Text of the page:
Of all the arguments Republicans offer to maintain Bush tax cuts for the wealthy, one stands out: The tax increase would be a blow to small business owners. This is misleading–but you can't count on media to get this right.
The CBS Evening News had a segment last night (11/29/12) taking a look at the issue. On its face, there's not much support for the Republican position: About 2.5 percent of small business owners–a somewhat loosely defined group–would see a tax hike on income above $250,000 (Tax Policy Center, 8/5/10). This is straightforward; so how do you make it less so? CBS did it by leading off with a business owner who claims he's about to get socked. Wyatt Andrews reported:
Kevin Green owns two flower and gift shops in Alexandria, Virginia. He said raising taxes on the wealthy won't just hurt him–it will hurt his workers and the economy…. Small business owners typically report business income on their personal taxes. In a good year, Green's income will exceed $250,000, making him one of those taxpayers the president says should pay more–in his case, an estimated $8,000 more.
Remember, if this is all true, that means Green is in the tiny minority of business owners affected by the potential tax increase. Remember, these tax increases would apply to only the income above that $250,000 threshold. Green's claim of an $8,000 increase means that he likely makes substantially more than $250,000. (According to this chart, he would seem to be in the above $500,000 income range.)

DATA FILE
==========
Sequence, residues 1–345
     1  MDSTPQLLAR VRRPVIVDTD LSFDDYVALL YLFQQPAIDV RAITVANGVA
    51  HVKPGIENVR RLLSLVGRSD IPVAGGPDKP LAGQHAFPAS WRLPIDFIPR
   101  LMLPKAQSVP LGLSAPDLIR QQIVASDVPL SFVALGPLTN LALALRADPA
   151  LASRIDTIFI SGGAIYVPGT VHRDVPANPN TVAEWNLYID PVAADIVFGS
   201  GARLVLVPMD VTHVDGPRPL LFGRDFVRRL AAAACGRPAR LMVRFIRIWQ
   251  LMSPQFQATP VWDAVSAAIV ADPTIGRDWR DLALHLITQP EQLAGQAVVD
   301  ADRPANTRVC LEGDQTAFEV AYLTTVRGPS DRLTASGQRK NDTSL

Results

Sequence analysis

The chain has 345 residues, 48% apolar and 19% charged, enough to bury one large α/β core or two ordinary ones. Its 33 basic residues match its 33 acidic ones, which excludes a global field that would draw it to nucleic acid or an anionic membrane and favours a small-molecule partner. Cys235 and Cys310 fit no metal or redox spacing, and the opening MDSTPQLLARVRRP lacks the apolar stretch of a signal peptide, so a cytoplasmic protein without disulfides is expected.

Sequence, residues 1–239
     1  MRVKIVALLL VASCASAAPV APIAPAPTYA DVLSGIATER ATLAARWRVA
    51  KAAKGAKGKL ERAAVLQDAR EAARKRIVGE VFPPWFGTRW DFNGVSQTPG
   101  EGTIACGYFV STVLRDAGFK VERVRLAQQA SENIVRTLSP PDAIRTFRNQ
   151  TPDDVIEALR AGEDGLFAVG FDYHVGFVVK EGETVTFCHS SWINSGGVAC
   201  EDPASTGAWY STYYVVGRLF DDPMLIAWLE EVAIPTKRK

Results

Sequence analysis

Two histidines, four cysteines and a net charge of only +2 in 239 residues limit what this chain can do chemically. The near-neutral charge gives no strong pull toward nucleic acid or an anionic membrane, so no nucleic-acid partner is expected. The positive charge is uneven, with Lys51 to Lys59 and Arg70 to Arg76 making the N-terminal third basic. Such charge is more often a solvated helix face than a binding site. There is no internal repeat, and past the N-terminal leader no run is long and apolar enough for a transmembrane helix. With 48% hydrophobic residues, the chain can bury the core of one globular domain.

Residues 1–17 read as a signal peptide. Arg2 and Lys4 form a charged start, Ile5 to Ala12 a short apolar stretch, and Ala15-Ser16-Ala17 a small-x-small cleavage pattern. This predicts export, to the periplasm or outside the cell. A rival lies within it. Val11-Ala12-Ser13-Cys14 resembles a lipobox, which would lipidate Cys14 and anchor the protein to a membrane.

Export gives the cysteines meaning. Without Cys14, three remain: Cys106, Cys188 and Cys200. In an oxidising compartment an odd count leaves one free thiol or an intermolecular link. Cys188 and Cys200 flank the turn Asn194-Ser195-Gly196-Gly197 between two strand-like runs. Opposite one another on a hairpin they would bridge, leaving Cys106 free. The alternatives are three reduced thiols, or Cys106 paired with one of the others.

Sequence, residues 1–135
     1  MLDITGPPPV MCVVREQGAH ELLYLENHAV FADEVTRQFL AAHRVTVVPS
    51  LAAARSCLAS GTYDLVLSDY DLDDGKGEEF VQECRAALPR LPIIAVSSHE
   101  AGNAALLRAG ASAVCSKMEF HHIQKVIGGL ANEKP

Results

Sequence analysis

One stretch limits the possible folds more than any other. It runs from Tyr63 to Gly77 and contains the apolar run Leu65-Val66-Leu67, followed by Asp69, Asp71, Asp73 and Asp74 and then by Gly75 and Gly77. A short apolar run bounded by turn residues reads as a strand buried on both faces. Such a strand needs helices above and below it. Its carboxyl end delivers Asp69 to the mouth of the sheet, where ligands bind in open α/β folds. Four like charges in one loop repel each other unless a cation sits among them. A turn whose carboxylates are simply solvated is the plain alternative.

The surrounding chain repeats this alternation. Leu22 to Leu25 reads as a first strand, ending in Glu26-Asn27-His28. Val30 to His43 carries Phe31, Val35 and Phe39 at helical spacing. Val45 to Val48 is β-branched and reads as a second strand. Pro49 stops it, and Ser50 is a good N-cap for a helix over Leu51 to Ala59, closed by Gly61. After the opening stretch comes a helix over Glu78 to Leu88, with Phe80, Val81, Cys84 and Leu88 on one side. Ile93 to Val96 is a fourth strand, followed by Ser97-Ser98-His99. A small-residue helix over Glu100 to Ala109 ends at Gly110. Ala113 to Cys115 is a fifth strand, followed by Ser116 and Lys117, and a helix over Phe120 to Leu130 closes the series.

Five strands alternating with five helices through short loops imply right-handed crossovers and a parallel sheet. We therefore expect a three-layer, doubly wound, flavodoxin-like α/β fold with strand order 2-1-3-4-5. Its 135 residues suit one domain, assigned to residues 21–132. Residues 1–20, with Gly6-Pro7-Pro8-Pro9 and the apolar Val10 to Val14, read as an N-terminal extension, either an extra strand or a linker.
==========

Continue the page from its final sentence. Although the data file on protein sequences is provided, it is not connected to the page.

So how do you make 2.5 percent sound like a lot? You ditch that number in favor of a total number of affected business (precisely what ABC's Jonathan Karl did back in 2010). So viewers saw this:
Andrews notes that the White House argues that this "small business" category includes people like hedge fund owners–a far cry from the mom-and-pop shopkeeper that Republicans like to talk about. But then he pivots to the Republican counter-argument:
But when Republicans argue higher taxes mean slow down growth, they are thinking about businesses like Kevin Green's.
Well, of course they are. Or at least they say that they are. But journalism should scrutinize these arguments, rather than just repeating them.
This is another attempt to muddy the water in a debate that should be fairly straightforward. This kind of story is a chance for media to do some factchecking. Or, alternatively, to help Republicans flesh out their talking points.